That wasn’t always the case. “El Duque” was a hero in Cuban baseball. He pitched for Havana’s Industriales in the Cuban National Series and he was a key component in that squad’s capturing the league’s championship in 1992 and 1996. Hernández also starred for Havana teams Ciudad Habana and Habaneros in the Selective Series. In his ten seasons in the National Series, “El Duque” posted a record of 126–47 with 3.05 Earned Run Average. His winning percentage of .728 as a starting pitcher still stands as the all-time record in the Selective Series.
If that weren’t enough, Hernández was also a fixture on the Cuban national team, where he was instrumental in securing the gold medal for Cuba in baseball at the Barcelona Olympics in 1992. In other words, he was a national hero in a country crazy for baseball.
But everything changed in September of 1995 when “El Duque’s” half-brother Liván Hernández, defected to the United States. In Castro’s Cuba, defection was the unforgivable sin, and it didn’t help matters that Liván became an immediate star in Major League Baseball; his pitching being a key reason the Florida Marlins won the 1997 World Series. Being a lover of baseball, Castro frequented American television to watch the Major Leagues, and seeing one of his stars succeeding in America pissed him off to no end. With no way to effect reprisals against the Hernández who made it to America, the Cuban government took it out on the Hernández they still had.
First, even though he was the best pitcher in the entire country, the Cuban national team left Hernández off the roster for the 1996 Summer Olympics. The fear was since those games were in Atlanta, it would offer to many chances for “El Duque” to join his half-brother in the United States. As a result, just before those games in the summer of 1996, “El Duque” was detained by Cuban state security and interrogated about his relationship with an American sports agent. Three months later, “El Duque” became the “‘Shoeless’ Joe Jackson of Cuban baseball;a man banned from the game he loved for something he didn’t do.
As a result on Christmas Day 1997, “El Duque” and several others boarded a small, leaky boat in the small Cuban port town of Caibarién. Setting out into the strong currents and the shark-infested waters of the Straits of Florida, “El Duque” and his fellow defectors drifted at the mercy of the waves for nearly half a day until they washed up on the beach of an uninhabited island in the Bahamas. Until they were discovered four days later by the U.S. Coast Guard, they lived off what shellfish they could catch and the little water, stale bread, and Spam they had brought with them.
After rescuing them from what was most likely death from starvation and/or dehydration, Coast Guard turned them over to Bahamian authorities in Freeport. As is their usual process, the Bahamian government confined them in a detention center for illegal immigrants pending their eventual return to Cuba. However, Joe Cubas, the American sports agent for which “El Duque” was questioned by Cuban state security, along with representatives of the Cuban-American National Foundation, lobbied the United States government on behalf of Hernández and his fellow refugees. Eventually, U.S. Attorney General Janet Reno offered them a special status known as “humanitarian parole.” This would allow them entry into the United States based on what were judged to be realistic fears of persecution should they be returned to Cuba and their status as exceptionally talented individuals.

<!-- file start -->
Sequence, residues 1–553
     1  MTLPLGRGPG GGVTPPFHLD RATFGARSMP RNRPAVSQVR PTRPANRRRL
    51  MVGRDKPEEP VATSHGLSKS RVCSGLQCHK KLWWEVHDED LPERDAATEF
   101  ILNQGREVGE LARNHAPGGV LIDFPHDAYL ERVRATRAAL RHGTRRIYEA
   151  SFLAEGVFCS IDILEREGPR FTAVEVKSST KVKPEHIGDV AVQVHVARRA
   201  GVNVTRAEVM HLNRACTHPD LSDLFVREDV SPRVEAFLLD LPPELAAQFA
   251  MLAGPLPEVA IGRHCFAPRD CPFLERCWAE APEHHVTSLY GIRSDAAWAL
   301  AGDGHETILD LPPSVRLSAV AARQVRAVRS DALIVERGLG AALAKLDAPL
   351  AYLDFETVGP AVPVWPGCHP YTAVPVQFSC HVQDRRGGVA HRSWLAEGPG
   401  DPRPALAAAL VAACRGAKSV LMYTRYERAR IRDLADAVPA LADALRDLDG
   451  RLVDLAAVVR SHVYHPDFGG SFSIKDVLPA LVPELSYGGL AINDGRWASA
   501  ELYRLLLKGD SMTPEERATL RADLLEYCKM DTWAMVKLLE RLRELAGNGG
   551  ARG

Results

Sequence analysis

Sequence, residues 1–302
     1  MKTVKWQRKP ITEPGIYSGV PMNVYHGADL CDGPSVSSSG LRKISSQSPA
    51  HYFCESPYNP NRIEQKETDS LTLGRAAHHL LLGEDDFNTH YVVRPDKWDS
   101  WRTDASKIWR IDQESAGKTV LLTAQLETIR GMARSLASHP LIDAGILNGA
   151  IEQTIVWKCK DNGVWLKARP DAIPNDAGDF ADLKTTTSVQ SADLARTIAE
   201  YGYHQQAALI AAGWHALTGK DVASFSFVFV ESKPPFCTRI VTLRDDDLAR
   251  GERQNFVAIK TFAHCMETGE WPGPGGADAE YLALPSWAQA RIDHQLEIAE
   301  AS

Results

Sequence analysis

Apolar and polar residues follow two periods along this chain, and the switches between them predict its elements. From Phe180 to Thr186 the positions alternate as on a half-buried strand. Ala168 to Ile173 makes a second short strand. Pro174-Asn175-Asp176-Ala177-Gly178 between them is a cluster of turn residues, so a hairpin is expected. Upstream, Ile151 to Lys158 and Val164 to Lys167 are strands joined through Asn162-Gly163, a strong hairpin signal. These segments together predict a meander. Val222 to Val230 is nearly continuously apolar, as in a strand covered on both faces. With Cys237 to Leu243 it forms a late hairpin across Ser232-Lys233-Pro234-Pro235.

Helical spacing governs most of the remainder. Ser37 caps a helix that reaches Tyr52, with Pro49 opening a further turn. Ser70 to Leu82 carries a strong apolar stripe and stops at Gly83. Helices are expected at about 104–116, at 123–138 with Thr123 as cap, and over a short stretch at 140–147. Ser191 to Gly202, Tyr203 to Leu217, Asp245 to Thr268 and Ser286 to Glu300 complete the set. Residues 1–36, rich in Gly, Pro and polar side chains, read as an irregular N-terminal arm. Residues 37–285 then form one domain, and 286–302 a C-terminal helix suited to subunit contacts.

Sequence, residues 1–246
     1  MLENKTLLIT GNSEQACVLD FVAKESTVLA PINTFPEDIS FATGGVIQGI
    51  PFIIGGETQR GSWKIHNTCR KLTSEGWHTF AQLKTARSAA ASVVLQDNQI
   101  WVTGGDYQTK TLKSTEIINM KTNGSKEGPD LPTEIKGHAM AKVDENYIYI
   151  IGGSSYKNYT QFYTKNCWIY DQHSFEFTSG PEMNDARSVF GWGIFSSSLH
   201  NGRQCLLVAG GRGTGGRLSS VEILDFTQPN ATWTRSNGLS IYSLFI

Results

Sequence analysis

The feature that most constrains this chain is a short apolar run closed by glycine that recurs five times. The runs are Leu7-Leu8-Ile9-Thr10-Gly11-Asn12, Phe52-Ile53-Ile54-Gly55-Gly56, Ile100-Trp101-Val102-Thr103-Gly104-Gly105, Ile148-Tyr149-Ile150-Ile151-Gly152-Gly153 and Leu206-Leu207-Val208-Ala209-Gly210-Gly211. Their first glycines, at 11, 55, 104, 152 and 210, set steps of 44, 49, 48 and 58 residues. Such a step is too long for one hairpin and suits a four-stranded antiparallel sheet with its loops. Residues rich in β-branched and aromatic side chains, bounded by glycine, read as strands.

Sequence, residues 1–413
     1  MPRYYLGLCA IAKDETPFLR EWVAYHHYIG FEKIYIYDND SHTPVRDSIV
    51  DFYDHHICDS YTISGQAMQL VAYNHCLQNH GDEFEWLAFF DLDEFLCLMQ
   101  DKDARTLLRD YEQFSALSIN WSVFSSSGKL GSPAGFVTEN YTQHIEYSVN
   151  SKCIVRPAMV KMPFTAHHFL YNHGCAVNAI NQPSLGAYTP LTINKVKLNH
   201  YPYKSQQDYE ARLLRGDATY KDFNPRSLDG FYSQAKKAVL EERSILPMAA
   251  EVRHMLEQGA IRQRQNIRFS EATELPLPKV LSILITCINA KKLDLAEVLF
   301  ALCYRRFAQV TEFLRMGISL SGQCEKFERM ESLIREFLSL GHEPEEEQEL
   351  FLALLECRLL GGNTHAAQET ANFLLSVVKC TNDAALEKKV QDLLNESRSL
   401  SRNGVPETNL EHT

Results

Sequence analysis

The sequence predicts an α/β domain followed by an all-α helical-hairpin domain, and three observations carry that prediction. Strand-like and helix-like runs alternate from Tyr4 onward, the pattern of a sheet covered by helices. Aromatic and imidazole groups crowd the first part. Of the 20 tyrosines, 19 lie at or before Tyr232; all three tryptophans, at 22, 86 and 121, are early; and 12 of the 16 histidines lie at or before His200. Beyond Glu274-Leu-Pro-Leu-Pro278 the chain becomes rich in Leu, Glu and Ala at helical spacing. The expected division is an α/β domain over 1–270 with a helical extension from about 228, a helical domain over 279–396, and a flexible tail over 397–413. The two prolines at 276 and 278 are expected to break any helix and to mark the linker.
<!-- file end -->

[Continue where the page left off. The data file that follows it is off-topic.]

However, “El Duque” shocked a lot of people when he declined this offer; little did anybody know he had millions of reasons for doing so. Had “El Duque” accepted Reno’s offer, he would have immediately become a U.S resident. According to the rules of baseball, he would have been subject to baseball’s “regular” draft and thus would have only been able to negotiate a contract with the team that selected his rights.
Instead, Hernández accepted an offer of asylum from the government of Costa Rica. By staying out of the United States, “El Duque” was able to shop his services to any team he wished. As a result, after two months in Costa Rica, Hernández was able to come to the U.S. on a visa arranged by his new employer, the New York Yankees…thanks to a new 4-year, $6.6 million contract.
Once in America, “El Duque” resurrected his love of baseball and his status as a baseball hero. New York Yankees fans will never forget the role Hernández, his exaggerated leg kick, and his devastating arsenal of pitches played in the “Pinstripes” taking down three consecutive World Series titles between 1998 and 2000. Fans of the “South Siders” in the “Windy City” will always remember his role in helping the Chicago White Sox end an almost 90-year championship drought.
But out of all that baseball success on both sides of the Straits of Florida, Orlando Hernandez always said one of his favorite things about getting to play baseball in the United States was knowing the Fidel Castro could see him on television and knowing how much he and his half-brother Liván pissed him off…and loving every minute of it.
If you think about it, the best way to describe “El Duque’s” life is if Ben Wade broke out of prison, redeemed himself, and still got to keep the money.
The Moral of the Story:
Winning isn’t always about where you end up. Sometimes, what happens along the way matters as well.
You might be able to name all the people in this photo with Glenn Ford, but who knows what event brought together this eclectic mix. Don’t ask me because I don’t know!